A sporting legend who was always ahead of the peleton
The professional career of one of Australia’s greatest cyclists, Robbie McEwen, will come to an end this Sunday afternoon in down town Los Angeles. For the 39 year old Queenslander, stage 8 of the Tour of California will be his last professional race.
When McEwen climbs off his bike after a major race for the last time, he brings to an end the palmeres of one our most illustrious riders.
While McEwen’s race marks the end of an era, another one is starting half way across the world in Italy. There his team-mates on the Orica Green Edge team are competing in the Giro d’Italia, the first Australian team to ever contest one of the three Grand Tours.
McEwen’s career record speaks for itself: over 200 career victories, including 113 professional races; winner of 12 Tour de France and 12 Giro d’Italia stages; the Australian Road Race championship; runner-up in the World Championship, and wearer of both the Maillot Jaune in the Tour and the Maglia Rosa in the Giro.
“I have never been the fastest sprinter in the world,” Robbie wrote in his autobiography, One Way Road. Yet he managed to regularly defeat some of the fastest men on wheels – Mario Cipollini, Allessandro Petacchi, Eric Zabel, Tom Boonen and Thor Hushovd amongst them.
McEwen was often the exception to the practice of teams setting up their sprinters with a fast moving train of riders in the final kilometres of a race. Four or five team riders would pace their sprinter to the front of the field, and then increase the speed to a point that it became difficult, if not impossible, for a rival team to head them.
Other teams would try the same manoeuvre, fighting for space on often-narrow, winding roads in an attempt to launch their sprinter towards the finishing line. One-by-one the domestiques would maintain the high speed until, exhausted, they would pull aside and allow the next rider to push the high pace. Eventually there was just the final lead-out rider left to slingshot the sprinter into a mad charge to the line.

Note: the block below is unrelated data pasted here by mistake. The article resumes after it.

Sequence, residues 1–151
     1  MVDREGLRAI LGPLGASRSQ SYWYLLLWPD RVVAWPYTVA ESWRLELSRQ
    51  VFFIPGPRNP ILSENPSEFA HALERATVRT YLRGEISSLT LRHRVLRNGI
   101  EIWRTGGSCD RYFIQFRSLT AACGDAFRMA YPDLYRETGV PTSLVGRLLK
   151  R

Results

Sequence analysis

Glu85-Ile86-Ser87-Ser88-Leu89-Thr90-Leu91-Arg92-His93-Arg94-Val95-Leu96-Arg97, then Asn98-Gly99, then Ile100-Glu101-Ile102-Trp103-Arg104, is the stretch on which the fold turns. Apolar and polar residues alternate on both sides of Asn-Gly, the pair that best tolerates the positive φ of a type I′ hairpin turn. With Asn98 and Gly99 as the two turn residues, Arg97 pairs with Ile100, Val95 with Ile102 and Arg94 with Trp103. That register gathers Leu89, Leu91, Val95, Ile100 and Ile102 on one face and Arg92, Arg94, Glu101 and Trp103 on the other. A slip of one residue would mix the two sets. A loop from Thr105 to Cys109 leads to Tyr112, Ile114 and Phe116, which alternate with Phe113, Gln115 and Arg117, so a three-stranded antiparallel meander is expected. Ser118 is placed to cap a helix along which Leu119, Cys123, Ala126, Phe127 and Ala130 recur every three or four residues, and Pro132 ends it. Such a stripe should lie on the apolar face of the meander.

Robbie McEwen would often win major races without the benefit of a team train. He had the uncanny ability to get on the back wheel of another team’s train, or one of the other sprinters, before launching himself into the final hectic metres of an event. McEwen’s bike handling skills, his ability to bump other riders out of the way despite his small stature, and his knack of hiding in the field until the critical final sprint was his hallmark.
Road sprinters also need endurance to drag themselves over the mountain stages and still be in contention at the end of a 200 kilometre race. Often McEwen was just inside the elimination time on the arduous stages over the Alpes and the Pyrenees.
The Australian spent much of his time in Belgium, first racing for the Rabobank team in 1996 before eventually joining Lotto. The fiercely determined Aussie became one of the dominant sprinters on the European circuit over his seven years with Lotto. It was in Belgium also that he met his wife, Angelique.
Perhaps McEwen’s greatest victory was in the first stage of the 2007 Tour de France, which started in London. After crashing with 20 kilometres to ride to the finish in Canterbury, the injured McEwen was paced back to the peleton by his teammates, riding at over 55 kph to catch the field with just 6 kilometres remaining.
Taking the final bend at 70 kph in his customary tight fashion, McEwen grabbed the small break on his rivals that was sufficient to claim victory.
“What I did in Canterbury, what my team did, was impossible, a miracle. I felt like the fastest man in the world,” he said later.
Each summer Robbie returned to Australia, contesting – and usually winning – the Jayco Bay Series, and the Tour Down Under.
His career nearly came to end after a bad crash in the 2009 Tour of Belgium in which he smashed his left leg into a pole. After a long period of rehabilitation, McEwen returned to racing with the Russian Katusha team before joining Lance Armstrong’s Radioshack outfit in 2011. In California, he will conclude his long career in the Orica Green Edge kit, fulfilling a long-held dream to ride for an Australian team.
McEwen’s familiar victory salute after winning a major event will be missed by many cycling followers. His place however, is being rapidly filled by a new generation of Australian riders, as the Green Edge venture illustrates.
The team has had a brilliant start to their first season. They won the team time trial at the opening tour of the season, the Tirreno-Adriatico, before Simon Gerrans claimed the first major one-day race, the 298 kilometre Milano-San Remo.
McEwen’s experience will not be lost to the sport or to Australia as he starts a new phase of his cycling life as a technical coach with Green Edge. If there is a way to squeeze through almost non-existent gaps, Robbie McEwen knows how to do it.
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